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Alternative Cash Transfer Delivery Mechanisms: Impacts on Routine Preventative Health Clinic Visits in Burkina Faso

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Author Info

  • Akresh, Richard

    ()
    (University of Illinois at Urbana-Champaign)

  • de Walque, Damien

    ()
    (World Bank)

  • Kazianga, Harounan

    ()
    (Oklahoma State University)

Abstract

We conducted a unique randomized experiment to estimate the impact of alternative cash transfer delivery mechanisms on household demand for routine preventative health services in rural Burkina Faso. The two-year pilot program randomly distributed cash transfers that were either conditional or unconditional and the money was given to either mothers or fathers. Families enrolled in the conditional cash transfer schemes were required to obtain quarterly child growth monitoring at local health clinics for all children under five years old. There was not such a requirement under the unconditional programs. Compared with control group households, conditional cash transfers significantly increase the number of preventative health care visits during the previous year, while unconditional cash transfers did not have such an impact. For the conditional cash transfers, money given to mothers or fathers showed beneficial impacts of similar magnitude in increasing routine visits.

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Bibliographic Info

Paper provided by Institute for the Study of Labor (IZA) in its series IZA Discussion Papers with number 6321.

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Length: 30 pages
Date of creation: Jan 2012
Date of revision:
Handle: RePEc:iza:izadps:dp6321

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Keywords: cash transfers; conditionality; gender; child health; Africa;

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  1. de Brauw, Alan & Hoddinott, John, 2011. "Must conditional cash transfer programs be conditioned to be effective? The impact of conditioning transfers on school enrollment in Mexico," Journal of Development Economics, Elsevier, Elsevier, vol. 96(2), pages 359-370, November.
  2. Case, Anne & Deaton, Angus, 1998. "Large Cash Transfers to the Elderly in South Africa," Economic Journal, Royal Economic Society, Royal Economic Society, vol. 108(450), pages 1330-61, September.
  3. Sarah Baird & Craig McIntosh & Berk �zler, 2011. "Cash or Condition? Evidence from a Cash Transfer Experiment," The Quarterly Journal of Economics, Oxford University Press, vol. 126(4), pages 1709-1753.
  4. Richard Akresh, 2009. "Flexibility of Household Structure: Child Fostering Decisions in Burkina Faso," Journal of Human Resources, University of Wisconsin Press, vol. 44(4).
  5. Esther Duflo, 2000. "Grandmothers and Granddaughters: Old Age Pension and Intra-household Allocation in South Africa," NBER Working Papers 8061, National Bureau of Economic Research, Inc.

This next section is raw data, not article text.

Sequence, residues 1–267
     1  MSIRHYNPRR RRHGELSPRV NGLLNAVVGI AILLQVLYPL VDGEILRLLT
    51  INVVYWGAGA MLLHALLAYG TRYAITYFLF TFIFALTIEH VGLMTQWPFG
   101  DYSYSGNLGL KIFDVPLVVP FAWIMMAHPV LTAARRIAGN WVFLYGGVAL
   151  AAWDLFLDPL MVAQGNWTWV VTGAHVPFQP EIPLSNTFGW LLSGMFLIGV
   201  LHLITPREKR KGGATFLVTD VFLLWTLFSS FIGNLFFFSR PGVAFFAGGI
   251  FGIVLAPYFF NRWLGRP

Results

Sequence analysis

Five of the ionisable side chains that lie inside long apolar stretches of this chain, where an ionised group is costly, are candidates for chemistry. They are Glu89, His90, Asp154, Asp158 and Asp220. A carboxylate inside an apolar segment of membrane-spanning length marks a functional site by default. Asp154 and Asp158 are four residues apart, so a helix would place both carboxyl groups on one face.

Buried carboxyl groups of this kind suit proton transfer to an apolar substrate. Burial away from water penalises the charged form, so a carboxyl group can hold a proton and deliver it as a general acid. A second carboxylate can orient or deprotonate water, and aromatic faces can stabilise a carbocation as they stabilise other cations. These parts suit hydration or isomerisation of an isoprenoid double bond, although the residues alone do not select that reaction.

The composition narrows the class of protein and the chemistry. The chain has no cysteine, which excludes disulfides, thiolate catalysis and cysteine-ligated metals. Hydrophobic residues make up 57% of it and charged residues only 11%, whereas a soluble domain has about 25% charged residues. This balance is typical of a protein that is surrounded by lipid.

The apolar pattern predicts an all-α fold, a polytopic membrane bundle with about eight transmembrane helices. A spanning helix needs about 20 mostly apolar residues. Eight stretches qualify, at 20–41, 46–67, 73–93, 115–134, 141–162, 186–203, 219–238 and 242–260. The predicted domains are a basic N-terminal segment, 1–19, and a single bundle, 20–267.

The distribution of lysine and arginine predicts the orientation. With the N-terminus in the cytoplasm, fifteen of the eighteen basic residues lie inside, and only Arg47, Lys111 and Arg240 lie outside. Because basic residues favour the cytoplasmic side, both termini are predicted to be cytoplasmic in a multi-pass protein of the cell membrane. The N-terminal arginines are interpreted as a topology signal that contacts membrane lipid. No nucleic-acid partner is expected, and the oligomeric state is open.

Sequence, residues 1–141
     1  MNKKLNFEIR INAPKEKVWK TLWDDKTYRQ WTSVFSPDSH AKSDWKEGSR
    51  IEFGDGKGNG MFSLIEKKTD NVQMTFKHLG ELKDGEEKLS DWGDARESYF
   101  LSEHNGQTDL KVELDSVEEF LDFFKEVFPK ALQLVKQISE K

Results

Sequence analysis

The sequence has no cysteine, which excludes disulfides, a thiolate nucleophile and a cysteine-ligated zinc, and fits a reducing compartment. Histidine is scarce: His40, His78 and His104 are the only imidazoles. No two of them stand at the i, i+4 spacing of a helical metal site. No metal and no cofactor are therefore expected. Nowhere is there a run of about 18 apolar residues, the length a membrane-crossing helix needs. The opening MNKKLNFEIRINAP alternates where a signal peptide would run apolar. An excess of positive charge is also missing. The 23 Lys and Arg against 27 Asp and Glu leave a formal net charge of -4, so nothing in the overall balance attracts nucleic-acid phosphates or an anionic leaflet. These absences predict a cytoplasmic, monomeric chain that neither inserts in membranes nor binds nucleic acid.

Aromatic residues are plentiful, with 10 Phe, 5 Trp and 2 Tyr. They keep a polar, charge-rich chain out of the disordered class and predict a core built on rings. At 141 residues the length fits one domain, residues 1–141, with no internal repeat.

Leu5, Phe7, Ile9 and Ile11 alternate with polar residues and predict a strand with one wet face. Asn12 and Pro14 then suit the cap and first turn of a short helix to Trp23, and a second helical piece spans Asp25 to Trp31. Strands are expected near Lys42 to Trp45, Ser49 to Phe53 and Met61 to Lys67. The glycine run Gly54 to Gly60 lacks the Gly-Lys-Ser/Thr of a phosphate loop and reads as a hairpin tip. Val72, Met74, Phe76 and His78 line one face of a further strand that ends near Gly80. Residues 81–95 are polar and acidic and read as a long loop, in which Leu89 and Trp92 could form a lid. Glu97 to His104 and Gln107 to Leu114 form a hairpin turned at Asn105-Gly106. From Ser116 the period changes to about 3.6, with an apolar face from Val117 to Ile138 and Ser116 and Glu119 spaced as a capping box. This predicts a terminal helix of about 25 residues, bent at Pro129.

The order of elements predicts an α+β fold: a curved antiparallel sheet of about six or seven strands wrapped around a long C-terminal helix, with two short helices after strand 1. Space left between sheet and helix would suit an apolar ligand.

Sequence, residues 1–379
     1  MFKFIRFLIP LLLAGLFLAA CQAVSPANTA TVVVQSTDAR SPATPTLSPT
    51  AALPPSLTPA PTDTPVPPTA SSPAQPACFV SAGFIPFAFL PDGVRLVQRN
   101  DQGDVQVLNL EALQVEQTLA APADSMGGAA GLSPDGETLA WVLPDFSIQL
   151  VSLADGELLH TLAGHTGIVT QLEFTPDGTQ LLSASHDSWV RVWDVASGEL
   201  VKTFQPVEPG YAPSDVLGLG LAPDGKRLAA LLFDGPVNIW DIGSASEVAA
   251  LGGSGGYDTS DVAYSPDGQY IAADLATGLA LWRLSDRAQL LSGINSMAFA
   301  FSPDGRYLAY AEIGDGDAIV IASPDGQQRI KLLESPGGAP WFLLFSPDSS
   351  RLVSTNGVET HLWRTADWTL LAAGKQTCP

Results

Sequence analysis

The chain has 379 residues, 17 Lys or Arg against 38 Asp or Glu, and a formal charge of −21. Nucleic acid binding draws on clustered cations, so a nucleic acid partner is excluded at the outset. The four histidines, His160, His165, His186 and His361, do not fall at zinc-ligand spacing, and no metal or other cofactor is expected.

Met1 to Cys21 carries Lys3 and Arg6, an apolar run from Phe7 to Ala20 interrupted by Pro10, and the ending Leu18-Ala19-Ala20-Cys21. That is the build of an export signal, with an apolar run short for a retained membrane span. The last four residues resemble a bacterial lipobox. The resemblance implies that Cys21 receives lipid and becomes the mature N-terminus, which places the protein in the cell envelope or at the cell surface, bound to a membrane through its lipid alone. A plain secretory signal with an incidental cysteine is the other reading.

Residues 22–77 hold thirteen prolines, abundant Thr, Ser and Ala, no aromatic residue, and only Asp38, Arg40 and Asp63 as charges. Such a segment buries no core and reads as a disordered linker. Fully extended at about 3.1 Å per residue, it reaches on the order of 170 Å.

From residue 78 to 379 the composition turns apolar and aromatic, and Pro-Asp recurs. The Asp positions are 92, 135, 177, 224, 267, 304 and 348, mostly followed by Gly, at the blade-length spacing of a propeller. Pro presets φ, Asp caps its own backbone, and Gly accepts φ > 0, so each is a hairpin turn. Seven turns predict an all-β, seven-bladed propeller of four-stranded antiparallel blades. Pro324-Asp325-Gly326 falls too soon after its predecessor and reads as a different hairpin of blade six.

6. Ariel Fiszbein & Norbert Schady & Francisco H. G. Ferreira & Margaret Grosh & Niall Keleher & Pedro Olinto & Emmanuel Skoufias, 2009. "Conditional Cash Transfers : Reducing Present and Future Poverty," World Bank Publications, The World Bank, number 2597, August.
  7. Paxson, Christina & Schady, Norbert, 2007. "Does money matter ? The effects of cash transfers on child health and development in rural Ecuador," Policy Research Working Paper Series 4226, The World Bank.
  8. Parker, Susan W. & Wong, Rebeca, 1997. "Household income and health care expenditures in Mexico," Health Policy, Elsevier, Elsevier, vol. 40(3), pages 237-255, June.
  9. Moock, Peter R. & Leslie, Joanne, 1986. "Childhood malnutrition and schooling in the Terai region of Nepal," Journal of Development Economics, Elsevier, Elsevier, vol. 20(1), pages 33-52.
  10. Glewwe, Paul & Jacoby, Hanan G. & King, Elizabeth M., 2001. "Early childhood nutrition and academic achievement: a longitudinal analysis," Journal of Public Economics, Elsevier, Elsevier, vol. 81(3), pages 345-368, September.
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Cited by:
  1. Richard Akresh & Damien de Walque & Harounan Kazianga, 2013. "Cash Transfers and Child Schooling: Evidence from a Randomized Evaluation of the Role of Conditionality," Economics Working Paper Series, Oklahoma State University, Department of Economics and Legal Studies in Business 1301, Oklahoma State University, Department of Economics and Legal Studies in Business.
  2. repec:fpr:export:1342 is not listed on IDEAS
  3. van den Bold, Mara & Quisumbing, Agnes R. & Gillespie, Stuart, 2013. "Women’s empowerment and nutrition: An evidence review:," IFPRI discussion papers, International Food Policy Research Institute (IFPRI) 1294, International Food Policy Research Institute (IFPRI).
  4. Alderman, Harold & Yemtsov, Ruslan, 2013. "How can safety nets contribute to economic growth ?," Policy Research Working Paper Series 6437, The World Bank.

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